This free travel app is the only app you need to navigate a new city like a local — here's how it works


There’s no arguing that smartphones have made navigating new cities a little easier, but all too often we travel to a new place only to find that the the apps we usually rely on are worthless there.

The current alternative? Download a brand-new set of apps that take up storage space and are left untouched for the rest of eternity.

Mitty. (yes, with a period) is a new travel app that sets out to fix both of those problems.

The creators of the iOS app, available in the App Store on Wednesday (and coming soon to Android), considered the services you would set out to find when you move to – or vacation in – a new city, and then picked the single best app for each service in every city.

The best part about the concept, in my opinion, is that it avoids making you download each app separately. Mitty cloud-streams the apps so that there’s more space on your phone’s screen, and one less thing you have to unpack when you’re home.

Here’s how to use Mitty – the one-stop shop for travellers to new cities:

When I first downloaded and opened the Mitty app, the home screen gave me a list of the 14 cities that are vetted and ready to explore, as well as the cities Mitty says are “coming soon.”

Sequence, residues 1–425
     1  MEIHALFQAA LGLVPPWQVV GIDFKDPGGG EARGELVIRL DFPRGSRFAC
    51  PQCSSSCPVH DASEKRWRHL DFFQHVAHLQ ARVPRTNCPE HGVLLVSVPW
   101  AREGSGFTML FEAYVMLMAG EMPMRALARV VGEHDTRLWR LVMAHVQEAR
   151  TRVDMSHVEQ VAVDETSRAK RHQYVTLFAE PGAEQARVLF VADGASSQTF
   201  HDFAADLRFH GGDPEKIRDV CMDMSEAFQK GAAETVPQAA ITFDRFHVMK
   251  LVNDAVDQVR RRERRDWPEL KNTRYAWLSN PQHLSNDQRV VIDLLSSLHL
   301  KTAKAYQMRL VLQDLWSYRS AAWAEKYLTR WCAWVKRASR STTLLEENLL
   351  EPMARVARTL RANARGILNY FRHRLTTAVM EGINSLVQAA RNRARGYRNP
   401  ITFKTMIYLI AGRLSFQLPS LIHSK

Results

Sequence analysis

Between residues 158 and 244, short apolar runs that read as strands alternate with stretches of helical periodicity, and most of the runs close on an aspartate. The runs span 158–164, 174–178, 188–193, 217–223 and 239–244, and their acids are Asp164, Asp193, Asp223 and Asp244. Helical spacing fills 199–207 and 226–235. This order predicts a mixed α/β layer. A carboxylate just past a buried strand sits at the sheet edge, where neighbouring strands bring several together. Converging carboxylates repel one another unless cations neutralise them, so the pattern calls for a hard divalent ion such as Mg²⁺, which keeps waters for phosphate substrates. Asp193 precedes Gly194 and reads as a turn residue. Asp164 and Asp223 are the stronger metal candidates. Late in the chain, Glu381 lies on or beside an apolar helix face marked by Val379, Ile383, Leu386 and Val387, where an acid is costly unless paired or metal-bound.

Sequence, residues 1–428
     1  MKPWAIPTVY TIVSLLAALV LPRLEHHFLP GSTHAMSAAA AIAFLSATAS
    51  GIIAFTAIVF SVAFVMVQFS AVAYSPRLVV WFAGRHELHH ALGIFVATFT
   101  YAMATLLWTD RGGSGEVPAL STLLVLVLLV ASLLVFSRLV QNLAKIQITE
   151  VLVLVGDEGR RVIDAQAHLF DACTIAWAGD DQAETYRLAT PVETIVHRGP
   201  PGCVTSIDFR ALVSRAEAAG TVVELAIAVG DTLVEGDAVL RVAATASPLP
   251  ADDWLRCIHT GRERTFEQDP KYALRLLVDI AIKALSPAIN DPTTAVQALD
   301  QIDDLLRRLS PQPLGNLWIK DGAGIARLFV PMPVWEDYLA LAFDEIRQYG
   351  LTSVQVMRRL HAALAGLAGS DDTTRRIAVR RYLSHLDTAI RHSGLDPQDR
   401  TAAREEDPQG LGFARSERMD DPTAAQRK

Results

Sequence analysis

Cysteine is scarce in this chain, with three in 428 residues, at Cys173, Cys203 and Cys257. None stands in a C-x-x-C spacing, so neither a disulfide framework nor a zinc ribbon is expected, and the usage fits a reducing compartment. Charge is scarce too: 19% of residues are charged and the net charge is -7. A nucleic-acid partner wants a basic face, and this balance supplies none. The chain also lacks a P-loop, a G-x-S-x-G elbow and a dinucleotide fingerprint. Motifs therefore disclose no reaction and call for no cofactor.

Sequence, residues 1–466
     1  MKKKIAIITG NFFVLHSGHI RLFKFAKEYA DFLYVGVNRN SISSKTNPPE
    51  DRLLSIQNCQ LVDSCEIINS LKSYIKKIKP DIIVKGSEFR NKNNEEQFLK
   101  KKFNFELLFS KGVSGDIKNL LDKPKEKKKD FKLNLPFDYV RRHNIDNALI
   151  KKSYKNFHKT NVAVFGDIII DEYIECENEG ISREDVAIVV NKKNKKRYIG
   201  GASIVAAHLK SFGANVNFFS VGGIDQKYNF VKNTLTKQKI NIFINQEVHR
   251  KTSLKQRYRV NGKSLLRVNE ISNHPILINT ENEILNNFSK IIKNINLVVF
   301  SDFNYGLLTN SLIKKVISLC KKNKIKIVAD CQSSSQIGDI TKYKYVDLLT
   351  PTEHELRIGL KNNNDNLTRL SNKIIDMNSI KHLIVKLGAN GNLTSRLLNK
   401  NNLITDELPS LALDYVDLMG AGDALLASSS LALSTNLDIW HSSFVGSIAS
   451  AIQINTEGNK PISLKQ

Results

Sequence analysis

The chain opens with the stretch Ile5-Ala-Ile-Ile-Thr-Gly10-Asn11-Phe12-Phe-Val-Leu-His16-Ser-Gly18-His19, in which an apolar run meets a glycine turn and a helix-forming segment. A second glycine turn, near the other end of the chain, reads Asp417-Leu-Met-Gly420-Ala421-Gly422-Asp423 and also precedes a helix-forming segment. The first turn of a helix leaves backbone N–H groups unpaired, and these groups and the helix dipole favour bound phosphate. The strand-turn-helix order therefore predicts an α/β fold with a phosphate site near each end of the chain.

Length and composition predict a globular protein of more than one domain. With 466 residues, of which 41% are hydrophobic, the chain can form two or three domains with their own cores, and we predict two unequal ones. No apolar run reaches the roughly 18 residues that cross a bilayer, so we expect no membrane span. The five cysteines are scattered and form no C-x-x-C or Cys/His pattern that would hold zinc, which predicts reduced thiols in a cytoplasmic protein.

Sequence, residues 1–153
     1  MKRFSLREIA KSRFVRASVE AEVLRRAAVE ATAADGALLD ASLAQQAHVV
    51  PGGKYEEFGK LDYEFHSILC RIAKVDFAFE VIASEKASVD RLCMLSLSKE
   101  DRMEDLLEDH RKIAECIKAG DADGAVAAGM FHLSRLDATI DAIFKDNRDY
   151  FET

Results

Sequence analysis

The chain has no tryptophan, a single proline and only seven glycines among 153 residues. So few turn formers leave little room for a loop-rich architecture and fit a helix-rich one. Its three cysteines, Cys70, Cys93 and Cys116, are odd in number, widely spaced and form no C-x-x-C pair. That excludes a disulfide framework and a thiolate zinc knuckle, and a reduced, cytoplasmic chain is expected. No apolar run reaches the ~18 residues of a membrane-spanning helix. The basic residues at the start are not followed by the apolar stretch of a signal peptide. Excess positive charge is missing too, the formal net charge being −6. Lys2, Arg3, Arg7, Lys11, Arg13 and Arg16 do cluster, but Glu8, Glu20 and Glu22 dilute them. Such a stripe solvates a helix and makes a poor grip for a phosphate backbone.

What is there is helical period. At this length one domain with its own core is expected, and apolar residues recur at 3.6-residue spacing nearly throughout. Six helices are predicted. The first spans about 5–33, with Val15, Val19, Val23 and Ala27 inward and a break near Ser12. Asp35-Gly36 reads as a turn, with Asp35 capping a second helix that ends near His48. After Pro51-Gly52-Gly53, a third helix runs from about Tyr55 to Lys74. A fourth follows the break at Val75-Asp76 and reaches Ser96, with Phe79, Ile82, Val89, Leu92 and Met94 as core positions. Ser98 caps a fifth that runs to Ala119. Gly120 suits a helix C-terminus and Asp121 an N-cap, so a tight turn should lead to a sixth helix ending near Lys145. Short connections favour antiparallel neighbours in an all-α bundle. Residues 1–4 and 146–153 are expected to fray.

My initial reaction was that the interface was sleek and simple. The icon art was tasteful but fun, and the app gave you just the right amount of information without going overboard.

To sign up, by the way, you can use your Facebook account, Google, your email address, or your phone number. I chose the last.

I went in and selected New York — where I live — to see how accurate it was with service options; since the app creators are based out of the UK, I thought it would be fairly telling.


I’m not sure why it asked if New York was my hometown, but I answered “Yes,” under the assumption that this meant “as of right now” and not originally.

There were 17 services available here “with more services coming soon,” according to the company. Some cities — like Dubai — had fewer services because “service availability varies by location.”